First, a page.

George Bernard Shaw once said: “The reasonable man adapts himself to the world; the unreasonable one persists in trying to adapt the world to himself. Therefore all progress depends on the unreasonable man.”
I have to say that it is clear that Bernard Shaw was not a marketing man and lived in a different era. This day and age in order to get your message across effectively and achieve progress, not only do you need to adapt your message you have to make sure you adapt it to a specific target market as well. I am not suggesting that you have to offer something to everyone but rather be clear what you are offering and to whom. The same logic applies of course to any launch or promotional seminar you might be planning.
In my line of work I meet all sorts of people and taking a leaf from Bernard Shaw’s analogy they tend to broadly divide into two types:
The Unreasonable Folk who insist that their input is so superior that everyone will be interested in coming along because it is they that are going to be there. When these people organize an event, they often feel that promoting it is a waste of time and unnecessary as it will fill up on word of mouth alone. They sometimes end up with very thinly attended events.
The Doubly Reasonable Folk who believe that their product and service is right for everybody and can be adapted to fit all needs and purposes. When these people organise an event, they often fail to choose a tailored strategy as they are interested in anyone attending. They often end up with popular events which result in low conversion.
Now, I might be exaggerating to make a point but I hope that some of you might be able to recognise something of your thinking in either type…here are a few things that you can do in order to have less poorly attended events or ones that are oversubscribed with the wrong people:
- Be clear on what it is you are promoting at the event, in all our efforts to be helpful we sometimes forget where we are trying to get to with our marketing.
- Get really clear on who this is aimed at and why they would be interested. It is very easy to fill up the event with avid networkers or very new businesses which might be spot on, but just in case it isn’t…
- Create an event promotion plan and set a goal to the number of attendees you are aiming for. Set yourself a challenge and remember that you will lose about 20% on the night.
- Break your target down to activities and KPIs so you can measure and make changes throughout.
- Document everything so you can use it as a template for your next event plan.
I hope this is useful as a guideline and just in case you are planning an event and looking to discuss it in more details, get in touch.
‘The heaviness of being successful was replaced by the lightness of being a beginner again, less sure about everything. It freed me to enter one of the most creative periods of my life’ Steve Jobs
Around this time many business owners start to consider the New Year and some new ideas they may want to promote as part of their business plan. Even if you are not the type of business owners that regularly update their goals and marketing plan you may be considering a new product or service which you want to take the market in the New Year.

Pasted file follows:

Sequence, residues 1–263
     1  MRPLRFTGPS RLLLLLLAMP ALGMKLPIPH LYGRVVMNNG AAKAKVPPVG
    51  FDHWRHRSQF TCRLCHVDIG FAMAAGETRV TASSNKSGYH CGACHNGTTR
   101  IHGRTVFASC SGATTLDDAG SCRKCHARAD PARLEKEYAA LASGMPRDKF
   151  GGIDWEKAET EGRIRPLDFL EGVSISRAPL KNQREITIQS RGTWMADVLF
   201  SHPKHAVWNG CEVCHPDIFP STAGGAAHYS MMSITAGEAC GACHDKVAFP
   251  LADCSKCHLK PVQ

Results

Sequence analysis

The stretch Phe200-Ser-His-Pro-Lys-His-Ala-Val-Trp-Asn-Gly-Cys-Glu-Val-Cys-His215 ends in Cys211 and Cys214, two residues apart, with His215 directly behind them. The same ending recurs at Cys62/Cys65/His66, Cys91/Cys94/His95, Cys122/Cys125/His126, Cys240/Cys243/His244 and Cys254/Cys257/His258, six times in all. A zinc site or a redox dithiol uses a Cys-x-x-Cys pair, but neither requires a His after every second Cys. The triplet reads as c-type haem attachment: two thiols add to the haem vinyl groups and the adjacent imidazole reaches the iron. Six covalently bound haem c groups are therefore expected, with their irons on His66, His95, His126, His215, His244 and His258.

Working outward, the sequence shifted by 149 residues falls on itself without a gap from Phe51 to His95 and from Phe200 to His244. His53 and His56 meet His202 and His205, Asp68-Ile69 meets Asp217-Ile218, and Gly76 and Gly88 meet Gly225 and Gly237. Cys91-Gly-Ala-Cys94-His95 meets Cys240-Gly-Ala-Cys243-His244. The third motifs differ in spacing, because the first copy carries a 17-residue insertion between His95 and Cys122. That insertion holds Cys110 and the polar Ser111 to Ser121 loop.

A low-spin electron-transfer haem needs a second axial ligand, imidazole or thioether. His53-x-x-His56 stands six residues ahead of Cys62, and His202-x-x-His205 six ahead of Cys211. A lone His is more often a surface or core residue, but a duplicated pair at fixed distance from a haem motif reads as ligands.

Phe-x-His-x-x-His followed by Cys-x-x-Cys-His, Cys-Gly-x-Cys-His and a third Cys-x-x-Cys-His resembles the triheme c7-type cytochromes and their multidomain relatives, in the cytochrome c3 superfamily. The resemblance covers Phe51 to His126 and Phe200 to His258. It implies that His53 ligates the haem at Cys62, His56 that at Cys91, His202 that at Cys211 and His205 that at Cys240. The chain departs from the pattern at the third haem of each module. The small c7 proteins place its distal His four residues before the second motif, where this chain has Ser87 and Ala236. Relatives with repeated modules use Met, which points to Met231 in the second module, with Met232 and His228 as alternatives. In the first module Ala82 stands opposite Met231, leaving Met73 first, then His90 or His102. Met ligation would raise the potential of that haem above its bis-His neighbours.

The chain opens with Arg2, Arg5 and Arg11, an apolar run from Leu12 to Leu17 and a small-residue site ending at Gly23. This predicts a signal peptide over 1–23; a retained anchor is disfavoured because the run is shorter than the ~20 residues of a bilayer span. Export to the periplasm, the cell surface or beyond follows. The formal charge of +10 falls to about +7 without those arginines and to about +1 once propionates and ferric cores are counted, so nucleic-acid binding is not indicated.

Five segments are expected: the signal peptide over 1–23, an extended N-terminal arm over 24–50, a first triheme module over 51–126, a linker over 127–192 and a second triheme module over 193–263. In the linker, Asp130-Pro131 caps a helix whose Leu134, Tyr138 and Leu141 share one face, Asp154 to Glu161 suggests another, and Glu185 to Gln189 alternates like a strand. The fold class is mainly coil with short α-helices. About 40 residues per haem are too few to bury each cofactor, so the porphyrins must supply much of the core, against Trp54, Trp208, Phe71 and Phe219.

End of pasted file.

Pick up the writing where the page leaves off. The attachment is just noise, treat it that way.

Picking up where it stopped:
Planning for a new project is very exciting and great for business, although it poses a few challenges from a marketing and sales perspective, namely:
- Defining the product in terms of USPs, features and benefits.
- Defining your key target markets
- Taking the product to market
Out of the above, the biggest challenge, in my opinion, is the third one and particularly the ability to create a real buzz around your new product. In order to help, I searched the web for some inspiration and came across a Blog by Kissemetrics which covers a guide to building a buzz for your next product launch based on Steve Jobs’ numerous successful launches of Apple’s products. Whilst Apple product launches have become the stuff of legend, explains the Blog, there are a number of strategies which any company can deploy to make their own product launch a success. So here is a B2B tailored take on the guide;
- Make sure you are clear on how your new product addresses real issues that affect people’s lives. If you have to spend a lot of time explaining the benefits, you might find it hard to get the new product off the ground.
- Start planning your product exposure early, even before you have a launch date or a demo…. Social Media posts lend themselves to statements like ‘Just sat at the pub planning our next product launch in the New Year….’ Sometimes being a bit vague can help create interest in the marketplace.
- It helps if your new product is new and exciting within the framework of your industry. Even if it is not the most innovative product ever, emphasizing the key difference and innovation is always a good idea.
- Make an event out of your product launch, invite your colleagues and clients, even your mum, to celebrate the new chapter in your business. This will give you a great reason to shout about your new product and create some momentum.
- Finally, if you are having a launch, make sure you plan it and make it into a worthwhile event which people will enjoy and remember.
I hope this is helpful and gave you a few ideas. As always the devil in all of this is in the actual details so if you are launching a new product and need some help here are a few things you could do:
Go to our website to see the kind of support we can offer you and/or get in touch to discuss your ideas further.